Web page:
To the editor:
According to the Legal Services Corp. Justice Gap report, low-income Americans received no or inadequate legal help for 86 percent of their non-criminal legal problems. These issues include domestic violence, divorce, child support, veterans' benefits, disability access, housing conditions, health care and more. Many of these people are not receiving legal services despite qualifying for assistance because of a shortage of attorneys to represent them. In Cook County alone, approximately one half of the 1.4 million people who qualify for legal aid will need assistance in any given year. However, current legal aid programs and pro bono attorneys in Illinois cannot come close to meeting that need.
This shortage of pro bono attorneys not only affects the number of low-income or disadvantaged people served, but also the disposition of justice. Studies consistently show that the outcome of contested matters often turns on whether a low-income or disadvantaged person has representation.
Pro Bono Network has been working ceaselessly since 2011 to combat this shortage by expanding the pool of attorneys available to represent those who cannot afford legal services. [The network] recruits, trains, places and supports lawyers who want to be of service but have limitations on their availability or resources. These include attorneys who are on career breaks, have retired or are solo practitioners. The unmet need, however, is still vast.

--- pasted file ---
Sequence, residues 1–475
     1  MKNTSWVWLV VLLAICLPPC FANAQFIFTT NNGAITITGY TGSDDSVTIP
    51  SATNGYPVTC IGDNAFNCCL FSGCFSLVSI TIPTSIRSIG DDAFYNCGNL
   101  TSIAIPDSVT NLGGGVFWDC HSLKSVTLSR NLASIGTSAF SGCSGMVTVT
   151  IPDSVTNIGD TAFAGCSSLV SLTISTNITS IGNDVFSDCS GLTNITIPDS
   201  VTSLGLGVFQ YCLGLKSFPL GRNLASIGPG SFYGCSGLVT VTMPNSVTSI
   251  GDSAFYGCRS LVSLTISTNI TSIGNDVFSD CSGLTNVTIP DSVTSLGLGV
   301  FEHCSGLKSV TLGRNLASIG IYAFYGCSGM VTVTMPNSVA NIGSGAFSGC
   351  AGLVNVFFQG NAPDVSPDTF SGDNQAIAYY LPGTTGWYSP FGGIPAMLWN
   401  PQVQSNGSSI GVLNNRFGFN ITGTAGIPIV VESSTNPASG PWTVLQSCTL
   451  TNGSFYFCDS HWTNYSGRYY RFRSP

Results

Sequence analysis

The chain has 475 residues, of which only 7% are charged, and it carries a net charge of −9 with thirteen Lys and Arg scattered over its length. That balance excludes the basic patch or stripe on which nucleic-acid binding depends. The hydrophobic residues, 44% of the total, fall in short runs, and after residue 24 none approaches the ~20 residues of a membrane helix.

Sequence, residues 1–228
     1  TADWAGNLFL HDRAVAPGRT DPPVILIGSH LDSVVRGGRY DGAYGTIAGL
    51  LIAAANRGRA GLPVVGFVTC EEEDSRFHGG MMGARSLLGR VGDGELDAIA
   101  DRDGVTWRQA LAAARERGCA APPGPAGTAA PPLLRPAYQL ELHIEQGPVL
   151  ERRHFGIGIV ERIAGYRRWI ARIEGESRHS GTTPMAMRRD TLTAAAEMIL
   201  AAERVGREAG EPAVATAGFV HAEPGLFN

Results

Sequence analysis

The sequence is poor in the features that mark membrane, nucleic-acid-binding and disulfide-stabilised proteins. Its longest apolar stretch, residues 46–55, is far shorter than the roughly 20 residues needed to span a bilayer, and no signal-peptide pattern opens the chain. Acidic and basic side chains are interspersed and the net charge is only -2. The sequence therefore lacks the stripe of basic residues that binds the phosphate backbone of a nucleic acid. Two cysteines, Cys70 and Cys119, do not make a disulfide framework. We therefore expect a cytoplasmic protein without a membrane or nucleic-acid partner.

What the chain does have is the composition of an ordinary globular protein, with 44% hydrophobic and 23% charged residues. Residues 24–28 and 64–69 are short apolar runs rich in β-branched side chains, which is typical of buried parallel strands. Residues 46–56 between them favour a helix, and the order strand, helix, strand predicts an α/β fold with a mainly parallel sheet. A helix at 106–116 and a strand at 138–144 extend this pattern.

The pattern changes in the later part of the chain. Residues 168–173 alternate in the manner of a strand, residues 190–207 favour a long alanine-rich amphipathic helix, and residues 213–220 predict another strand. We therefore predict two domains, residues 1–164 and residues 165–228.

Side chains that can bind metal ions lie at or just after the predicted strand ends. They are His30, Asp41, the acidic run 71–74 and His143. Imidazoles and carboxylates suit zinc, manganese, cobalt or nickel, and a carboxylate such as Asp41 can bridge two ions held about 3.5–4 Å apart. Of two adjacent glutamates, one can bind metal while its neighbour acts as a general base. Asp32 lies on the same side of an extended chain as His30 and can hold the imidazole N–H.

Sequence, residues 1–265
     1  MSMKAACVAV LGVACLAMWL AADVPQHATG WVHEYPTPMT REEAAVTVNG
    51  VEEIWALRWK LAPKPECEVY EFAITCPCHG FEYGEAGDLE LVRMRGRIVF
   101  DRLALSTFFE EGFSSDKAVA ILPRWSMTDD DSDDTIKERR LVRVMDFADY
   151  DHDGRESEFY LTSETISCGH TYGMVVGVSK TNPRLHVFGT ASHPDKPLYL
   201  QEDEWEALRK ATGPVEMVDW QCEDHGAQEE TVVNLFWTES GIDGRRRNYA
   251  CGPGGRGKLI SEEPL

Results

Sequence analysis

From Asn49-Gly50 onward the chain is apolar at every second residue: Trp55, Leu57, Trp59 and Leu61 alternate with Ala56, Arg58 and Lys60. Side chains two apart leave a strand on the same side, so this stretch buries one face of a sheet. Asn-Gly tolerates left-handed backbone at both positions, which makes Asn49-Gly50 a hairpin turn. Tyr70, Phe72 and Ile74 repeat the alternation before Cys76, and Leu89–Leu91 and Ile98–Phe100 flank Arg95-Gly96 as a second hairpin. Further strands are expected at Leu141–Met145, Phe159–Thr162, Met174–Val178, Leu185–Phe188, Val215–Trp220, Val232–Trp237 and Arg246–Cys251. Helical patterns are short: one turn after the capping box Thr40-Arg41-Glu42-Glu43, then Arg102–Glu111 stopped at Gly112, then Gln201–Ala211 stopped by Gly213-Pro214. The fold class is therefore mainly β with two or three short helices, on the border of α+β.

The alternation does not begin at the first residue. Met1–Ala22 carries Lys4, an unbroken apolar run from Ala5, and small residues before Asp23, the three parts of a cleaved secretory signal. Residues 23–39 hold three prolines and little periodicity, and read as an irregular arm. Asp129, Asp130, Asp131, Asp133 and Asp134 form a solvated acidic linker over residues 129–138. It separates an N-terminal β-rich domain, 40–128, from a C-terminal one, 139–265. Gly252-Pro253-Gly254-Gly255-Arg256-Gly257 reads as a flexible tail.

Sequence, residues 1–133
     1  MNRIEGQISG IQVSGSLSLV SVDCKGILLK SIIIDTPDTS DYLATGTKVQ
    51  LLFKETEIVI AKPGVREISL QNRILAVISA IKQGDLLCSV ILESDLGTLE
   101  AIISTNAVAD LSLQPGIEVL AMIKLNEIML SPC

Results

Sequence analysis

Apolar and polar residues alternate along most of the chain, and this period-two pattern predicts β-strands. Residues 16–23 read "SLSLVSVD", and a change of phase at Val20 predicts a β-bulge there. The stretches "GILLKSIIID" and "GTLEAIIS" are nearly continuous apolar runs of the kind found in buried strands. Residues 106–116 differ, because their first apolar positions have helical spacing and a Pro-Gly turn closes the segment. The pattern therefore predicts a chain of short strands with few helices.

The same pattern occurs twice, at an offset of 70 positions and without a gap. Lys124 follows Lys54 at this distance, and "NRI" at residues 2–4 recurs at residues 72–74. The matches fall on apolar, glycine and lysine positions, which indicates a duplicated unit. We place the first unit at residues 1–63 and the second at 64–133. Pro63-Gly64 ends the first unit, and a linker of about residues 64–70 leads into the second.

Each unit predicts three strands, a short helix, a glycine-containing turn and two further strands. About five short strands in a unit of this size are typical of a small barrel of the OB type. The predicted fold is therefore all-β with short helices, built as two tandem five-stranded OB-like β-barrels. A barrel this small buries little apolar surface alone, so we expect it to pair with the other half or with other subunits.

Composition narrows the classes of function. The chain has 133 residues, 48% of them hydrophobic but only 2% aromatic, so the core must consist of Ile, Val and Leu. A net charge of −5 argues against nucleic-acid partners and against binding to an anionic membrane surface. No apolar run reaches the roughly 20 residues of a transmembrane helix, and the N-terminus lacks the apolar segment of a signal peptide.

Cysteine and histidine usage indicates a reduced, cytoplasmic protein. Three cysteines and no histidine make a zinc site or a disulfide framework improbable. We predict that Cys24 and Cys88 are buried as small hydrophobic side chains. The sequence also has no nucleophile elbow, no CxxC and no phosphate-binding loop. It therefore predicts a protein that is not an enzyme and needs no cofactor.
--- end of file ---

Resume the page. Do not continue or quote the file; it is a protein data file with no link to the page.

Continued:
[The network] invites interested attorneys to attend one of our open houses in Oak Park or Oak Brook to learn more about how they can get the support they need to use their law license to assist those in need. The first is from 9:30 to 11:30 a.m. Aug. 23 at the Oak Park Public Library. The second is from 10 a.m. to noon Aug. 30 at the Oak Brook Public Library. [The network] also will be conducting trainings for specific projects in mid-September. For more information or questions, email email@example.com.
Pro Bono Network